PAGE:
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Silverberg v. Palmerino


April 2, 2009


The opinion of the court was delivered by: Stein, J.

Published by New York State Law Reporting Bureau pursuant to Judiciary Law § 431.

This opinion is uncorrected and subject to revision before publication in the Official Reports.

Calendar Date: January 13, 2009

Before: Mercure, J.P., Kane, Malone Jr. and Stein, JJ.


Appeals (1) from an order of the Supreme Court (Teresi, J.), entered June 21, 2007 in Albany County, which granted defendant Muriel Hausler's motion for summary judgment dismissing the complaint against her, and (2) from a judgment of said court (McNamara, J.), entered June 17, 2008 in Albany County, upon a verdict rendered partially in favor of the remaining defendants.

The residential properties located at 899 and 895 Mercer Street in the City of Albany, owned by defendants Robert Palmerino and Deborah Palmerino (hereinafter collectively referred to as defendants) and defendant Muriel Hausler, respectively, share a common driveway. On January 21, 2004, plaintiff then a second-floor tenant of defendants slipped and fell on ice in the driveway, prompting her to commence this action against Hausler and defendants alleging that the injuries she sustained were the result of their negligence in maintaining the driveway. Supreme Court (Teresi, J.) granted Hausler's motion for summary judgment dismissing the complaint against her on the basis that she owed no duty of care to her neighbors' tenant.*fn1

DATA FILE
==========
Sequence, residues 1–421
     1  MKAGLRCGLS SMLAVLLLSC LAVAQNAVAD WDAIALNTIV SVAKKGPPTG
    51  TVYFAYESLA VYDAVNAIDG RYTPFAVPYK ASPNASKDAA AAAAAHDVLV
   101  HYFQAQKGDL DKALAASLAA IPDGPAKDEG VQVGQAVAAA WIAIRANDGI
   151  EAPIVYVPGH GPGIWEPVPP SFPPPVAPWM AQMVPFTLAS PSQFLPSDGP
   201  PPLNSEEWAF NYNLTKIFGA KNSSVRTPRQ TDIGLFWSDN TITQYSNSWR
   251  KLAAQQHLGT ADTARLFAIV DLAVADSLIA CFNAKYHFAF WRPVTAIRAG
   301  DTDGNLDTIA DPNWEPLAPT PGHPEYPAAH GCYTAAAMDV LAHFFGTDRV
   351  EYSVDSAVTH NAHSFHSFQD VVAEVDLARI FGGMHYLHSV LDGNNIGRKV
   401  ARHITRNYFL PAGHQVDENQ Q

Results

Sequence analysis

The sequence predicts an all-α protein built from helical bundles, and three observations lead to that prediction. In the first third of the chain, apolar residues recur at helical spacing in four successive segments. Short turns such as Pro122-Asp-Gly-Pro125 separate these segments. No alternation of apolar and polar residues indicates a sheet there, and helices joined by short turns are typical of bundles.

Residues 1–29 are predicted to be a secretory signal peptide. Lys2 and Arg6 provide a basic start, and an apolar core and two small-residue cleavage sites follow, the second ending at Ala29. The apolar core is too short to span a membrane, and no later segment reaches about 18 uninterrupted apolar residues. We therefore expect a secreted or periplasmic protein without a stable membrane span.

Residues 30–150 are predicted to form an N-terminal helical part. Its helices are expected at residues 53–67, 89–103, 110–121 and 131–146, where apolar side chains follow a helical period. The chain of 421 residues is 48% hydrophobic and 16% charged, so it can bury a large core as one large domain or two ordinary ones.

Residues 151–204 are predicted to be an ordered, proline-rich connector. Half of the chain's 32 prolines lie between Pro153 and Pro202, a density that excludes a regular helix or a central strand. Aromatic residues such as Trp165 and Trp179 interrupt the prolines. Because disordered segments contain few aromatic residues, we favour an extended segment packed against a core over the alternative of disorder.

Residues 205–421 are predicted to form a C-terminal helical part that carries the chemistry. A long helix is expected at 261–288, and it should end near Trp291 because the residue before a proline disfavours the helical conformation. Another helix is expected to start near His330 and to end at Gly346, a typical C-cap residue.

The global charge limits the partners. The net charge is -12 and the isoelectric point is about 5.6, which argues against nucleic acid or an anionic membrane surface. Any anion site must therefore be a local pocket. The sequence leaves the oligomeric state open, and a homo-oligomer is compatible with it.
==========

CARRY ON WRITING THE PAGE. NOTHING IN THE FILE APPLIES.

Following a trial, which proceeded solely against defendants, a jury determined that plaintiff's fall was 60% the result of her own negligence and 40% the result of defendants' negligence. The jury's $15,000 award to plaintiff for past pain and suffering was consequently reduced after factoring in her comparative fault to $6,000, and she was awarded no damages for future pain and suffering. Plaintiff's motion to set aside the jury verdict was denied by Supreme Court (McNamara, J.) and these consolidated appeals wherein plaintiff asserts that Supreme Court erroneously granted Hausler's motion for summary judgment and that the jury's determinations were against the weight of the evidence ensued.

Inasmuch as we agree that Hausler was improperly awarded summary judgment, we must reverse and order a new trial (see Gadani v Dormitory Auth. of State of N.Y., 50 AD3d 1303, 1304 [2008]). A movant seeking summary judgment "is required to establish by competent and admissible evidence a prima facie entitlement to [such] judgment" (Howard v J.A.J. Realty Enters., 283 AD2d 854, 855 [2001]). Here, Hausler's motion for summary judgment was predicated exclusively on her assertion that she could not be held liable for plaintiff's injuries because she did not own the property on which plaintiff fell. She met her initial burden of establishing a prima facie entitlement to judgment on that basis, thus shifting the burden to plaintiff to demonstrate a question of fact requiring a trial (see CPLR 3212 [b]; Alvarez v Prospect Hosp., 68 NY2d 320, 324, 326 [1986]; Winegrad v New York Univ. Med. Ctr., 64 NY2d 851, 853 [1985]; Zuckerman v City of New York, 49 NY2d 557, 562 [1980]; Friends of Animals v Associated Fur Mfrs., 46 NY2d 1065, 1068 [1979]).